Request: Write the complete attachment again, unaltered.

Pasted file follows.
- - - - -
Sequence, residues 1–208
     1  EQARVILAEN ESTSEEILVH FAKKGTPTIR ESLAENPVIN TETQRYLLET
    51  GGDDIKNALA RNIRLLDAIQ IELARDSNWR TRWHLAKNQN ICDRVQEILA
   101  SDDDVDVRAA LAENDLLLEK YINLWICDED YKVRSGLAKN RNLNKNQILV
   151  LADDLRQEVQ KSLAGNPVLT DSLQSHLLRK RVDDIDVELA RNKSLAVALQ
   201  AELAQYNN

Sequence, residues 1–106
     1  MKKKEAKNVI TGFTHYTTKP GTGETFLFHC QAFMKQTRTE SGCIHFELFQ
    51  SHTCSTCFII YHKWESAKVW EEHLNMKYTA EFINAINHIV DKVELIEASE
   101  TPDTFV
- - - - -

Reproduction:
Sequence, residues 1–208
     1  EQARVILAEN ESTSEEILVH FAKKGTPTIR ESLAENPVIN TETQRYLLET
    51  GGDDIKNALA RNIRLLDAIQ IELARDSNWR TRWHLAKNQN ICDRVQEILA
   101  SDDDVDVRAA LAENDLLLEK YINLWICDED YKVRSGLAKN RNLNKNQILV
   151  LADDLRQEVQ KSLAGNPVLT DSLQSHLLRK RVDDIDVELA RNKSLAVALQ
   201  AELAQYNN

Sequence, residues 1–106
     1  MKKKEAKNVI TGFTHYTTKP GTGETFLFHC QAFMKQTRTE SGCIHFELFQ
    51  SHTCSTCFII YHKWESAKVW EEHLNMKYTA EFINAINHIV DKVELIEASE
   101  TPDTFV